Ovary removal linked to increased mortality for some women
When a woman is recommended to undergo a hysterectomy, the question arises regarding whether to remove the ovaries at the time of surgery even if they are normal. A benefit of the procedure, known as a bilateral oophorectomy, is that it removes the risk of ovarian cancer. However, according to a new study, there is a downside to a bilateral oophorectomy.
Researchers affiliated with the University of Southern California, Stanford University, Harvard medical School, and the University of Auckland published their findings in the April 2013 edition of the journal Obstetrics & Gynecology. The researchers note that each year approximately 610,000 U.S. women undergo a hysterectomy for benign diseases such as fibroid tumors or bleeding problems; 23% of women aged 40–44 years and 45% of women aged 45–49 years undergo an elective bilateral oophorectomy to prevent the subsequent development of ovarian cancer. Bilateral oophorectomy, when compared with ovarian conservation, is associated with a decreased risk of ovarian cancer; however, it may increase risks of death from coronary heart disease and all causes. The investigators note that some studies report inconsistent findings in regard to this issue; however, they include small numbers of women, have short-term or delayed onset of follow-up, or compared oophorectomy with natural menopause.
To clarify the issue, the researchers accessed data from the Nurses’ Health Study, which is a large, ongoing prospective (forward-looking) observational study of women and health outcomes. In a previous investigation comprised of 24 years of follow-up, the researchers found that bilateral oophorectomy, compared with ovarian conservation, at the time of hysterectomy was associated with a lower risk of ovarian and breast cancer but a higher risk of coronary heart disease, stroke, lung cancer, and total cancers, as well as mortality from all causes. They explain that in this further analysis of updated data from the Nurses’ Health Study, they focused on all-cause and cause-specific mortality and addressed clinical issues raised by earlier publications. Specifically, they examined bilateral oophorectomy compared with ovarian conservation in women aged 60 years or older and determined whether there was an age at which oophorectomy confers a survival benefit. They also conducted analyses in several subgroups of women who they hypothesized would experience a more elevated mortality after bilateral oophorectomy, including women who underwent hysterectomy before age 50 years who never used estrogen therapy; women with known risk factors for cardiovascular disease; women with a family history of breast or ovarian cancer; and women who smoked. Finally, they examined cardiovascular disease mortality associated with oophorectomy status in women who were observed for 15 years or longer after hysterectomy to ascertain whether long-term follow-up is important for this research.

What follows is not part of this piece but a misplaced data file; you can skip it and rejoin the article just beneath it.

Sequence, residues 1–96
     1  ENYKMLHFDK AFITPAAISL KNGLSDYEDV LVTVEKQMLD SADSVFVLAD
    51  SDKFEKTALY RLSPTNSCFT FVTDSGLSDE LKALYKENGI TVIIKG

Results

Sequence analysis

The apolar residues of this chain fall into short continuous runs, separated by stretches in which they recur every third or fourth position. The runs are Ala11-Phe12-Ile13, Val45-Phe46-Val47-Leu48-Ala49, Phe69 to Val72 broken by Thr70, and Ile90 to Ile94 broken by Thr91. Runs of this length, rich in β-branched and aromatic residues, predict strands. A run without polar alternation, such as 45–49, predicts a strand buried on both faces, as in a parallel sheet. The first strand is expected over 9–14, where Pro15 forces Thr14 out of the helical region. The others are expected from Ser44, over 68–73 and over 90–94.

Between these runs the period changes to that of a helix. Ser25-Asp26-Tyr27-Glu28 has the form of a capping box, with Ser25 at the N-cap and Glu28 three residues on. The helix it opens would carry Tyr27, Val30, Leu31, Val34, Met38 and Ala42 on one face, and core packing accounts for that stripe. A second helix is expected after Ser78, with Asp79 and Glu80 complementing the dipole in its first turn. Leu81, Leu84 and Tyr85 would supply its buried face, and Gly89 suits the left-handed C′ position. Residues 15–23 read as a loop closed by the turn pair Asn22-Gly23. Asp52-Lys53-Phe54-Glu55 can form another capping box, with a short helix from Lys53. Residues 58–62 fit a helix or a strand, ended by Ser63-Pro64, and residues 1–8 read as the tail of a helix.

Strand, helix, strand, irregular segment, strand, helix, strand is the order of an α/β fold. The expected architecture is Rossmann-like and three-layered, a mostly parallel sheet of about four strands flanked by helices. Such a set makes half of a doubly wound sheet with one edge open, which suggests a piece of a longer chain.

The study group comprised 30,117 Nurses’ Health Study participants undergoing hysterectomy for benign disease. They used a statistical analysis method known as multivariable adjusted hazard ratios for death from coronary heart disease, stroke, breast cancer, epithelial ovarian cancer, lung cancer, colorectal cancer, total cancer, and all causes. They compared bilateral oophorectomy (16,914 women) with ovarian conservation (13,203 women).
The researchers found that after more than 28 years of follow-up, 16.8% of women with hysterectomy and bilateral oophorectomy died from all causes compared with 13.3% of women who had ovarian conservation (1.13-fold increased risk). Oophorectomy was associated with a lower risk of death from ovarian cancer (four women with oophorectomy compared with 44 women with ovarian conservation) and, before age 47.5 years, a lower risk of death from breast cancer. However, at no age was oophorectomy associated with a lower risk of other cause-specific or all-cause mortality. For women younger than 50 years at the time of hysterectomy, bilateral oophorectomy was associated with significantly increased mortality in women who had never used estrogen therapy but not in past and current users.
The authors concluded that bilateral oophorectomy is associated with increased mortality in women aged younger than 50 years who never used estrogen therapy and at no age is oophorectomy associated with increased survival.
Take home message:
This study notes an increased mortality rate for women who do not receive hormonal replacement therapy (HRT) following a bilateral oophorectomy. Instituting HRT after the surgery poses a slight increased risk of breast cancer; however, it reduces the risk of cardiovascular disease. Women with a family history of ovarian cancer or those who carry the BRCA1 or BRCA2 gene should definitely consider an oophorectomy. The safest form of HRT currently is the low dose estrogen patch. Any woman who is faced with a hysterectomy should thoroughly discuss her individual situation with her gynecologist.
Reference: Obstetrics & Gynecology